@Russ: Some provinces specifically mandate client suitability standards. Some provinces don’t. Even in the provinces that do, *some* brokers routinely choose the lender with the best economics (for them). And you’re absolutely right that licenses can theoretically be revoked for clear disregard of the client’s best interests. But it almost never happens in practice. Most brokers are good people doing the best they can for clients. You just have to make sure your broker is one of them.

  • South Blair says:

    Do I need a mortgage broker to purchase a brand new house?

  • Christian says:

    After 3 years moving from fixed rate of 3.85% to variable rate of 3.39%. Another bank offering 3.04% variable rate deal. Is it wise to take it? If I move on will my broker still get anything from my lender or new lender.

    • The Spy says:

      Hi Christian, Too many factors at play to answer #1. Regarding #2, if your mortgage agent is brokering the deal with the next lender, they will pay him (unless it’s a non-prime lender for people with weak credit, non-traditional income sources, etc.).

  • Haroon says:

    good job 25% down for 785000 home getting td rate 2.98 I think it’s not a good rate but not much time any advice

  • Mark Thompson says:

    On a typical non-prime mortgage what would a broker stand to make? Our broker is pushing us towards a non-prime lender and then refinancing after a year rather than dealing with the things preventing us from getting a prime mortgage.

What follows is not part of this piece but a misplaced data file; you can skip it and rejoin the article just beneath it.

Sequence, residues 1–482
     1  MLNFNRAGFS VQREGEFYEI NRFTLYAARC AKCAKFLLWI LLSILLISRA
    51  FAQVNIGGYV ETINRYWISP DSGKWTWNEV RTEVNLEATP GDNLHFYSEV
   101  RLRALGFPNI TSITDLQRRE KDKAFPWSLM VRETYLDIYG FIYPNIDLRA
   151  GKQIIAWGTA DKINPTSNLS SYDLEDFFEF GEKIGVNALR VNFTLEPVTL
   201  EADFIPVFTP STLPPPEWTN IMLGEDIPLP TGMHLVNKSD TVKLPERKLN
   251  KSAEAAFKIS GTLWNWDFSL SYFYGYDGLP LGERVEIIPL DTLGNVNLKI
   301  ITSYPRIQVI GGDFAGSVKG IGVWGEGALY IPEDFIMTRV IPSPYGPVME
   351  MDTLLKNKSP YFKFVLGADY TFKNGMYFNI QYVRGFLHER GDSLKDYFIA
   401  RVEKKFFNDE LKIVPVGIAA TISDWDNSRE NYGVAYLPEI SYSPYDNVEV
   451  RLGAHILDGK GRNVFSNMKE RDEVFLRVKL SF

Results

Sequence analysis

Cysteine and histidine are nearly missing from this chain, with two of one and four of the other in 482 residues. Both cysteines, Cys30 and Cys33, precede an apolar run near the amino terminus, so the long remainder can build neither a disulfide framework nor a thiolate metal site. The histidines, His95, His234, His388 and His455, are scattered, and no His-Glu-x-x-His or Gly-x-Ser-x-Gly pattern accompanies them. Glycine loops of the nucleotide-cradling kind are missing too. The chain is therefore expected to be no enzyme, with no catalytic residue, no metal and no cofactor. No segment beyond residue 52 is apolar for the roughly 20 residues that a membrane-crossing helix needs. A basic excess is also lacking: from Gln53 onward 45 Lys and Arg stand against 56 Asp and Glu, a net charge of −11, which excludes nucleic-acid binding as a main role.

• The Spy says:

      Hi Mark,

      Typically it’s anywhere from 0.50%-point (for short terms where the lender pays a finders fee) to over 2%-points (including broker fees) for private financing, depending on the type of mortgage.

      We don’t know your circumstances but perhaps it’s possible that your credit profile cannot be corrected quick enough to get a prime mortgage?

  • Tayyab says:

    Can u please explain about this basis points? How a broker get basis points and how that basis points give benefit to broker in terms of reducing interest rate or to get its own benefit fir his own or how a broker can cash that basis points?

    • The Spy says:

      Hi Tayyab,

      One basis point (bp) equals one one-hundredth of a percentage point.


      1 bp = 0.0001

      100 bps = 0.01 (one percentage point)

      Suppose your mortgage is $100,000 and a mortgage broker sells you that lender’s standard 2.99% rate that pays her 110 bps.

      The broker’s commission would therefore be: $100,000 x 0.011 = $1,100

      Now suppose the broker wanted to “buy down” your rate by 10 bps to 2.89%.

      She would multiply the buydown by the lender’s buydown factor (e.g., 4.7 to 1) to determine her new commission.

      So 4.7 x 10 bps = 0.0047

      Multiply that by the mortgage amount to determine the buydown cost, so: 0.0047 x $100,000 = $470

      So in this example, the broker would make $1,100 – $470 = $630.

      From that amount, the broker pays their brokerage house a cut (e.g., 5-15%), overhead, marketing costs, staff, licensing fees, etc.